Arctic Perspective highlights the cultural, geopolitical and ecological significance of the Arctic and its indigenous cultures. API aims to empower local citizens of the North via open source infrastructures, such as; data sharing, environmental monitoring, and communications technologies.
In collaboration with the communities of Igloolik, Kinngait, Iqaluit, Mittimatalik and Kanngiqtugaapik in Nunavut, Canada, and other Arctic communities, artists and architects are devising a mobile media and living unit and systems infrastructure that is powered by renewable energy sources.
The unit will be used by the Inuit and other arctic peoples for creative processes, communications and citizen environmental monitoring while moving, living, and working on the land away from established settlements.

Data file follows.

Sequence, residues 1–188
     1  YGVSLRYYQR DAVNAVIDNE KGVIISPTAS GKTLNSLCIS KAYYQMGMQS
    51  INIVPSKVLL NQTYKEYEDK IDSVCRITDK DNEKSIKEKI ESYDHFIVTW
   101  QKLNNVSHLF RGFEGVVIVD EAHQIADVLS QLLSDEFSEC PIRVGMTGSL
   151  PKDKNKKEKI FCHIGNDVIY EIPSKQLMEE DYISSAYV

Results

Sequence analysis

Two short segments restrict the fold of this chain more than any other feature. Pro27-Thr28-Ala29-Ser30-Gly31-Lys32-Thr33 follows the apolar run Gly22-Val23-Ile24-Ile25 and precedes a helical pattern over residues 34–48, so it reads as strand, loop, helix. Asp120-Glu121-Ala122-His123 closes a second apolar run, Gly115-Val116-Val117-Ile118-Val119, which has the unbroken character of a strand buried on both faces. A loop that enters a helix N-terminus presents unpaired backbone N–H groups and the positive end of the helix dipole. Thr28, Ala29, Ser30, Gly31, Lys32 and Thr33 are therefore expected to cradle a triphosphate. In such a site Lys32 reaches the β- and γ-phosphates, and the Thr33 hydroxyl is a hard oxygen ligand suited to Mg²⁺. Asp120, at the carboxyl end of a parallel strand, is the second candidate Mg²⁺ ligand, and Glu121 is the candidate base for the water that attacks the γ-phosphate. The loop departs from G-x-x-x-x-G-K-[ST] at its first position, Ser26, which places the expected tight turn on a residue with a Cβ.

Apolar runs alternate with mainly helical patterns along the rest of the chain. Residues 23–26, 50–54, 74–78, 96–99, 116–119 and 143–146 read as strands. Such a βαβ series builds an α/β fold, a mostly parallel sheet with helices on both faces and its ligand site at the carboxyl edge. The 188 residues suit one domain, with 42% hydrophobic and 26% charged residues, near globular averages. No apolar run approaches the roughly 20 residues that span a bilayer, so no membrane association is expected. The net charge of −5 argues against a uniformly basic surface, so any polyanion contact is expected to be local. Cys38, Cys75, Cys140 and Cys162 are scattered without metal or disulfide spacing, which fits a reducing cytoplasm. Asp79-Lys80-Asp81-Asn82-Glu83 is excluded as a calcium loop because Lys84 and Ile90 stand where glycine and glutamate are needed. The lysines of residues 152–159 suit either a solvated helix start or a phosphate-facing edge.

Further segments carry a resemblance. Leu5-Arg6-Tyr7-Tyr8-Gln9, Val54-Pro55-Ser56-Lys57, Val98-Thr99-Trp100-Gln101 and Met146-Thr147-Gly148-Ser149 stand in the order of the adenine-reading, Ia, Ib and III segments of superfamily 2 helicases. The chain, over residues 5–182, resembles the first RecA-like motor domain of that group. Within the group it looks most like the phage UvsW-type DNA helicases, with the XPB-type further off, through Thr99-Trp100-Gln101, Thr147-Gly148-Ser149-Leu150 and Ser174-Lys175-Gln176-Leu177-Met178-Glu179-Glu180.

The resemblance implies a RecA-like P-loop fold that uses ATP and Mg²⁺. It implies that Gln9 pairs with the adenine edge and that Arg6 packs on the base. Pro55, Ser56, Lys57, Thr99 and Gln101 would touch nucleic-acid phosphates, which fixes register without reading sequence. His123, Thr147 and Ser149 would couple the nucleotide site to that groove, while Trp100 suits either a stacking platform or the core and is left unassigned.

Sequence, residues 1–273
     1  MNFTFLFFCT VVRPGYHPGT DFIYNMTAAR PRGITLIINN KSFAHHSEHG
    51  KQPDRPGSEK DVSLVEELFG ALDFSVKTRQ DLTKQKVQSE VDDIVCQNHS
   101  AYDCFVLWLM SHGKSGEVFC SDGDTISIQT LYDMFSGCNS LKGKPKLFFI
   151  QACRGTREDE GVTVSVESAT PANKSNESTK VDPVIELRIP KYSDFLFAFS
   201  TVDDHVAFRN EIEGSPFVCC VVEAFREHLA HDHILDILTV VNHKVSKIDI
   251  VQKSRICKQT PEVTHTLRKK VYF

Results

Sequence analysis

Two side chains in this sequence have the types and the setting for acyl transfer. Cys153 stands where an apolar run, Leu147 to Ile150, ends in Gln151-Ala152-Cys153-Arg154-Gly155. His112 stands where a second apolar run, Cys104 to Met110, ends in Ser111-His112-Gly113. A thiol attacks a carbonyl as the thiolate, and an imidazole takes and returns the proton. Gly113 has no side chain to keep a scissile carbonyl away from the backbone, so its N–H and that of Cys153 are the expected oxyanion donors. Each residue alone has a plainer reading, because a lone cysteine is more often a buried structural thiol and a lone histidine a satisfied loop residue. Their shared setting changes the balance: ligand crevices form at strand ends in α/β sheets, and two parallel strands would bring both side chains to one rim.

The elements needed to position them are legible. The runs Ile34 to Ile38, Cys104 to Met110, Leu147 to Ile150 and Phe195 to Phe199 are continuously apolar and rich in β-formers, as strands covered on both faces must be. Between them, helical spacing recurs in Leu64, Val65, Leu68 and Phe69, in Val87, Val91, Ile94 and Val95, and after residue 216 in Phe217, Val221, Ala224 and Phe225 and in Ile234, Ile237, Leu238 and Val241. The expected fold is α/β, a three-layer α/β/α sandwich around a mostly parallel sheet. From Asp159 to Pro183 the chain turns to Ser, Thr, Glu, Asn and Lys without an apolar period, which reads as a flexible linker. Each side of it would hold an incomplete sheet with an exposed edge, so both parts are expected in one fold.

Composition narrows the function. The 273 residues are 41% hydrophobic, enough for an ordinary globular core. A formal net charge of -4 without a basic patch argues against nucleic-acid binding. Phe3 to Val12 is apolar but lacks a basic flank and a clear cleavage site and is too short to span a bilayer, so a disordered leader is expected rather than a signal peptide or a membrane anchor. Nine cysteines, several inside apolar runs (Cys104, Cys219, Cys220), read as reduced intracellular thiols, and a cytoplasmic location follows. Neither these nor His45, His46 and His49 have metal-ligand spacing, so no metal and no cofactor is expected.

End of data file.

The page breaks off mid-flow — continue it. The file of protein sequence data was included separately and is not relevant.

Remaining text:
The mobile media unit will enable film-making, communications, sustainable hunting and environmental monitoring. For example, a hunter living on the land could also film and stream, in real time, their personal story and reflections to the internet, giving the world the opportunity to understand the reality of the Arctic directly from the people living there.
The exhibition will showcase documentation of the project’s development, including photographs and films from the team’s trip in summer 2009 made with Igloolik elders and Isuma TV, re-visiting former settlements around the Foxe Basin. The Arctic Perspective Initiative is the brainchild of artists Marko Peljhan and Matthew Biederman.
The international work group comprises the media/art organisations C-TASC (Canada), HMKV (Germany), The Arts Catalyst (UK), Projekt Atol (Slovenia) and Lorna (Iceland), in a collaborative process working with the community members in Nunavut, Canada to develop the unit.